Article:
Faith Focus: Value your teenagers – and yourself
- Credit: Archant
We’ve had results for A-Levels and BTec. This week it’s GCSEs. There will be young people in your St Albans or Harpenden street waiting in nervous stress.
This year I enter my third generation of exam result anxiety.
First it was my own grades. I still have the occasional nightmare of turning over the exam paper in a school hall and realising I have not revised anything that I now need.
Then it was my own children. That was almost worse. As a natural controller I had no power to change the situation.
This week my oldest grandchild receives his GCSE results and so I shall be back into the annual tension for the next few years.
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Except that this year is different.
How do you assess academic ability when there is no official test of it?
- 1 University of Hertfordshire paedophile caught with more than 500 child abuse images
- 2 St Albans Band Aid raises £2,200 for local charities
- 3 Traffic chaos caused by Redbourn Road works
- 4 Revealed: Hertfordshire's most expensive villages
- 5 National Hospitality Day: 'Per Tutti means everyone is welcome'
- 6 Historic England asks: 'What do you love about your local high street?'
- 7 Mission success for Three Peaks Challenge team
- 8 Farewell Paddington! Time for St Albans stalwart to say his goodbyes
- 9 Honey to the bee - hiving off new flavours for local gin
- 10 St Albans mum tells son's story in new book
Not only is there the issue of whether exams are a fair way to mark anyone, there is this year the added layer of uncertainty based on whether it should be teacher assessment, school performance or now, it seems, mocks.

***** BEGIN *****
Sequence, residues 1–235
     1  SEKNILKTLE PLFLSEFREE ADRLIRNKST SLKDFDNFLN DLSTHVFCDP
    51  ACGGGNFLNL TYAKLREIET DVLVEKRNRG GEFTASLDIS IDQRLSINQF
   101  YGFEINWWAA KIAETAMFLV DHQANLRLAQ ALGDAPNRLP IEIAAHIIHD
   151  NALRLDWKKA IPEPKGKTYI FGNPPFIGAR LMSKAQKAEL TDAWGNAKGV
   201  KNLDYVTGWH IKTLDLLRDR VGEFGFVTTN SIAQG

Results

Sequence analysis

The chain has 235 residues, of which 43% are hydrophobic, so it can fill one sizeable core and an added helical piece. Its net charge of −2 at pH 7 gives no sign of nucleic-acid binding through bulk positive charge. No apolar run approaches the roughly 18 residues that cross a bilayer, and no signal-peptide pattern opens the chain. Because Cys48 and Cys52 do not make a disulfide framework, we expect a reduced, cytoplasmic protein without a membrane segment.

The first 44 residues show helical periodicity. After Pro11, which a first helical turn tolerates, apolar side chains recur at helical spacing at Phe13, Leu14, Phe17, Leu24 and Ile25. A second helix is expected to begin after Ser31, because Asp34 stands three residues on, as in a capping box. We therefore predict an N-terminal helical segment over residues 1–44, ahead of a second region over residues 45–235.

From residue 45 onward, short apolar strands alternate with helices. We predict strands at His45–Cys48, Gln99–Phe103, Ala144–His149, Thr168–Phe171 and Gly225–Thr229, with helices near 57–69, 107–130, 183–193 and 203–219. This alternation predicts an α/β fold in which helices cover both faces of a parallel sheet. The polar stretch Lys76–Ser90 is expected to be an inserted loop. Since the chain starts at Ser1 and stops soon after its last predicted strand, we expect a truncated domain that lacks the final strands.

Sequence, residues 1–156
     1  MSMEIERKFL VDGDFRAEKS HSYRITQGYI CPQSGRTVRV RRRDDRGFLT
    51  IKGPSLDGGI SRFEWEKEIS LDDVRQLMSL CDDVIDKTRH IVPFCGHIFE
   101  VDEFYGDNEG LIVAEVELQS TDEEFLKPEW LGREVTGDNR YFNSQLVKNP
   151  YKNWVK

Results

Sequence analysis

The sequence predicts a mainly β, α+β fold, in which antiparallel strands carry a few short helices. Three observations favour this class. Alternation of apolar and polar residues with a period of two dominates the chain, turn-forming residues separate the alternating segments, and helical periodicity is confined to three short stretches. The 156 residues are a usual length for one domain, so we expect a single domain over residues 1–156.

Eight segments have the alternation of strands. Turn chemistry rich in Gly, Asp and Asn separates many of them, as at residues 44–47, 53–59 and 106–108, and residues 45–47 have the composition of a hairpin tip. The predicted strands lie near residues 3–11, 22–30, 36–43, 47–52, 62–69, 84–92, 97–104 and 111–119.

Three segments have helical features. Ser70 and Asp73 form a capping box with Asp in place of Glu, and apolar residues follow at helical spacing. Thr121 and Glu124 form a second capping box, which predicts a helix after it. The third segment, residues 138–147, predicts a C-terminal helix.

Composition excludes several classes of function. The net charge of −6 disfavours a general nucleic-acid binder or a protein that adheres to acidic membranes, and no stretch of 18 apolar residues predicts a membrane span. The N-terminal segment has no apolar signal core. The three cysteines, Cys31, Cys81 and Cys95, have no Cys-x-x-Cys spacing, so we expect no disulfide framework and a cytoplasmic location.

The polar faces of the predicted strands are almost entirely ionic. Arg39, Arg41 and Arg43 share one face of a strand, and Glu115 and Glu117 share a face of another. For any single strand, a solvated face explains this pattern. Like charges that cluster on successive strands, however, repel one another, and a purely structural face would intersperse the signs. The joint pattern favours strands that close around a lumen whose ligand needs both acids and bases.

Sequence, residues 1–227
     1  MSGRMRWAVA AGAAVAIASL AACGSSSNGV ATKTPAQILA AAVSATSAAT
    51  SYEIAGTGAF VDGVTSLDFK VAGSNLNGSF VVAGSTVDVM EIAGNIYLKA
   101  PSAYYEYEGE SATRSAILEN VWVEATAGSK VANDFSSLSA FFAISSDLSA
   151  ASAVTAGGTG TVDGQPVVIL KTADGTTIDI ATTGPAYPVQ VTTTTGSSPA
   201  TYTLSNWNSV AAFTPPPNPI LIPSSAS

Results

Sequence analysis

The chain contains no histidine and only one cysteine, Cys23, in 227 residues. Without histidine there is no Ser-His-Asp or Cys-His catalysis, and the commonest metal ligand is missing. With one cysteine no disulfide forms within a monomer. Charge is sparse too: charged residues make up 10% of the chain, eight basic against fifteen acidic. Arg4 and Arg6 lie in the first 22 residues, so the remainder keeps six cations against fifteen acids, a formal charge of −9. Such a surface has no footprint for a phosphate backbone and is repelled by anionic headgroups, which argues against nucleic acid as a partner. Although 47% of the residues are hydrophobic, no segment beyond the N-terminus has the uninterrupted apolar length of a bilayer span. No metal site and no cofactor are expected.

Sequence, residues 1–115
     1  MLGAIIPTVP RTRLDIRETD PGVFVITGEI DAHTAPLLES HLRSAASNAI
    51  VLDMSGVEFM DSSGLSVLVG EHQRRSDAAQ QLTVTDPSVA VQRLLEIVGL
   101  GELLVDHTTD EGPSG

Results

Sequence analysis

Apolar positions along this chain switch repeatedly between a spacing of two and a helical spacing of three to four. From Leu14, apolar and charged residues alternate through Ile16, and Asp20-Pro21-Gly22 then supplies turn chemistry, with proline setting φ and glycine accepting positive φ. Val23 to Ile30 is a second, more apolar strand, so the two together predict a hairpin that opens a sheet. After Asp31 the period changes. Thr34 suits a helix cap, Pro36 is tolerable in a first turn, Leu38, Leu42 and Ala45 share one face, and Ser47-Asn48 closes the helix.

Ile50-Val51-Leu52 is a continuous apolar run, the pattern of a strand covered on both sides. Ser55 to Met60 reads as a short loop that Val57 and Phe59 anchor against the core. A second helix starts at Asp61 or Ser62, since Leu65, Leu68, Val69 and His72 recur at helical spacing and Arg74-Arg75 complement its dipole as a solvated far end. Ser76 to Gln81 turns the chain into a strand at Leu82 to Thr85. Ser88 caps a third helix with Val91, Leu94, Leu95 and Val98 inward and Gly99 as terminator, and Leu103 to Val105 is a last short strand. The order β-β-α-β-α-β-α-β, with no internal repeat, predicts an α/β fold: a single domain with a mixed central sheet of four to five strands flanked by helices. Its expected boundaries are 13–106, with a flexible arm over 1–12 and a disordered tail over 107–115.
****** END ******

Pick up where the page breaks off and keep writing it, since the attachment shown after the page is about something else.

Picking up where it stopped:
The cries of “unfair” ring out from teachers, parents and students. So politicians make hasty, unthought-through decisions about issues they know little about and which will impact our teens for the rest of their lives.
How do you value a human being?
We too easily do this by status, by salary, by property and possessions. All of which puts most of us in Hertfordshire well ahead of migrants crossing the Channel.
Or do you measure it by exam results and CVs? These things measure something, but is it human value?
Jesus Christ died for all. Born in squalid conditions, with rumours of illegitimacy, he mixed with despised people.
Most of those who accepted him in his time on earth would have struggled with GCSEs. It was, on the whole, the privileged academics who opposed him.
He values us for who we are. He died for us, whoever we are.
Perhaps we need to learn to value our teens, and ourselves, in the same way.
John Truscott has lived in St Albans for over 40 years and is a member of Christ Church, High Oaks. He works nationally as a church consultant and trainer specialising in organisation.